Provisional Remedies in a Wave of Foreclosures
By Matt Clarke, February 2011
According to RealtyTrac (www.realtytrac.com), one in every two hundred California housing units received a foreclosure notice in January 2011. The hardest hit areas are in the middle of the state, starting in Riverside County, and northward through San Bernardino County, Kern County, Tulare, Fresno, Stanislaus, San Joaquin, Sacramento and Solano Counties. RealtyTrac reported that one in every two hundred eighty-nine housing units Santa Barbara County received a foreclosure notice, with an average foreclosure sale price of $289,095. The areas in Santa Barbara County with the most foreclosures per housing unit are Lompoc, Santa Maria, Los Olivos, Guadalupe, and New Cuyama.
With this wave of foreclosures, it is likely that many Santa Barbara County practitioners receive numerous calls each week from individuals who are facing foreclosure. This article will discuss some of the issues which initially arise when clients face a foreclosure of their homes.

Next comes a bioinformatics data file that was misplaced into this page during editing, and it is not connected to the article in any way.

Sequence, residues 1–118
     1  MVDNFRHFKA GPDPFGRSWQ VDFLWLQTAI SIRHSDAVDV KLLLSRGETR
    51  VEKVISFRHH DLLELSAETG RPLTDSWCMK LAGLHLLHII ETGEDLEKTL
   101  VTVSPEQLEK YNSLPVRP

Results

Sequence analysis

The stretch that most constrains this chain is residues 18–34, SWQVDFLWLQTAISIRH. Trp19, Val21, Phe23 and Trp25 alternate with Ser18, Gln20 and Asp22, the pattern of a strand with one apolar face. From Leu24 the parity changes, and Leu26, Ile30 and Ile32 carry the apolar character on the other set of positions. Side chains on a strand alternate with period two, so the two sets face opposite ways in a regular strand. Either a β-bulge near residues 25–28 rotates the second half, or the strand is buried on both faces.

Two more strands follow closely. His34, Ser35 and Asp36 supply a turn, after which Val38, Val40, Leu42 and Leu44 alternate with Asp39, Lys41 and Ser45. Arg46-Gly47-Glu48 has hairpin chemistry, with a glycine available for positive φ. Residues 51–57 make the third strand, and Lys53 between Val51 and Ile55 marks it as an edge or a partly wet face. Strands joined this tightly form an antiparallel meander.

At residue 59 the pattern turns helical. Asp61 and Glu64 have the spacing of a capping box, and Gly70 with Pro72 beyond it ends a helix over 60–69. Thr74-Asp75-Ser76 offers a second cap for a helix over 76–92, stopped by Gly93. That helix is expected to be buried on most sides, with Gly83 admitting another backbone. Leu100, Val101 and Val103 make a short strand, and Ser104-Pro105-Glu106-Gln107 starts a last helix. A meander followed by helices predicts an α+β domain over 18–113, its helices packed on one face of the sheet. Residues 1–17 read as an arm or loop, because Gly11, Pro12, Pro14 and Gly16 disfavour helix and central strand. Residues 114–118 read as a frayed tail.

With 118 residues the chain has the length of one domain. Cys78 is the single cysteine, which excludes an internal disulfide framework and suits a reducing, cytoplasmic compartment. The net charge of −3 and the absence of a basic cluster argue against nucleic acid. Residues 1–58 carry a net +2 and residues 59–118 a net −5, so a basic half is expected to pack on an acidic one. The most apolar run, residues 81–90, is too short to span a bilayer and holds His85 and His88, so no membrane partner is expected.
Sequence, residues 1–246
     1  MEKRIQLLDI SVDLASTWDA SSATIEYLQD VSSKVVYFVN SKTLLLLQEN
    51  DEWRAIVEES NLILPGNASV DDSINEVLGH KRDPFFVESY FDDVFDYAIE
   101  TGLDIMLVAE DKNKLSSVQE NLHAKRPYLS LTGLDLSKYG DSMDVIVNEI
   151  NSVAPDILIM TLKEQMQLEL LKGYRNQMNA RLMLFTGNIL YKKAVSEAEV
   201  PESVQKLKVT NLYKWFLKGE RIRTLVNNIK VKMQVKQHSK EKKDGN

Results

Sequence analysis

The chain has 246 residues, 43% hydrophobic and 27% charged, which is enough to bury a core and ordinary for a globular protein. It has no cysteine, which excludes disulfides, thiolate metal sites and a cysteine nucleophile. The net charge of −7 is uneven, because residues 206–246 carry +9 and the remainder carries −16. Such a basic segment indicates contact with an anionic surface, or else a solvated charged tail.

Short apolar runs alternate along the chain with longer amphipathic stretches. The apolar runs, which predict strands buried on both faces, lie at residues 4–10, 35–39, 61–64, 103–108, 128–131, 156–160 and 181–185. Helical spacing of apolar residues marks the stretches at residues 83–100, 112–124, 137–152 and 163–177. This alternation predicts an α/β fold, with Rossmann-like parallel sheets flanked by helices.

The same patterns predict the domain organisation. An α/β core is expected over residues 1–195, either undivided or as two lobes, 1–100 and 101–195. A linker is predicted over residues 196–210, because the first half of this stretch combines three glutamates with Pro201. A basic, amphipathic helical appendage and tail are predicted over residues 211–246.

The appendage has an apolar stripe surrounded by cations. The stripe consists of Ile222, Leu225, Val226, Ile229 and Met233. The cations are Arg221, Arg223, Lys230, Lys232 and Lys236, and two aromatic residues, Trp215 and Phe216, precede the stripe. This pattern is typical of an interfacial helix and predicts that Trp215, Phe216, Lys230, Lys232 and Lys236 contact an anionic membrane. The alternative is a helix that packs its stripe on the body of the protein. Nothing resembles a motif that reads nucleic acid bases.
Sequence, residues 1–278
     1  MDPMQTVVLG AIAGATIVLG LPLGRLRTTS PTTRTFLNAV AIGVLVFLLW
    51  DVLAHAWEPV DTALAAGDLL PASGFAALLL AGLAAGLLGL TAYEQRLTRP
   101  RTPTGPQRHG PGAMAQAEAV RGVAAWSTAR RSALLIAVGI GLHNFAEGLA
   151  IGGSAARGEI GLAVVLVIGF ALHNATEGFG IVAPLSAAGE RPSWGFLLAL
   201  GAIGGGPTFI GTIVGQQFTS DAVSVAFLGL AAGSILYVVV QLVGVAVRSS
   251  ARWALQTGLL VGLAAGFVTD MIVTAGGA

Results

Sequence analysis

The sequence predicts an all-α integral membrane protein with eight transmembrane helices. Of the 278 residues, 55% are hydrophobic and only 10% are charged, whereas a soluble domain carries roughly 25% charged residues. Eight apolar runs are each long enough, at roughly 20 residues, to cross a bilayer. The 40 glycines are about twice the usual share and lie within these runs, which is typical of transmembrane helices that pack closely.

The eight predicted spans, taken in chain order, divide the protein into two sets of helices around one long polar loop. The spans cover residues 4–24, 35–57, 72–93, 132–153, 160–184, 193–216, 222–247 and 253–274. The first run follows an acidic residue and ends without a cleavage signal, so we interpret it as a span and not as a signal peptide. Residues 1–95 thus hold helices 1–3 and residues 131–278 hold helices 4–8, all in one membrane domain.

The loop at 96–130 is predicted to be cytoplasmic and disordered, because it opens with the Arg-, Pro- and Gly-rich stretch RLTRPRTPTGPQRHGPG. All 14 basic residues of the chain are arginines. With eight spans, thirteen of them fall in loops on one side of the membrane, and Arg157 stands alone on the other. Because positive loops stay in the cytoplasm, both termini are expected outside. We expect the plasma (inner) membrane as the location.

Is there a way to stop a foreclosure in a residential property?
Is a Lawsuit Always the Answer?
Not everyone facing foreclosure has a valid defense. If your potential client borrowed the money in an arm’s length transaction and simply cannot afford to pay the mortgage, the best advice may be to seek refinancing or to seek a loan modification. Hiring even the most skilled lawyer cannot reverse a decision made by the client 5 years earlier in a much happier economic time. It may be time for a referral to a bankruptcy attorney. Effective strategies in a bankruptcy setting will hopefully be the subject of another article.
What about a Bond?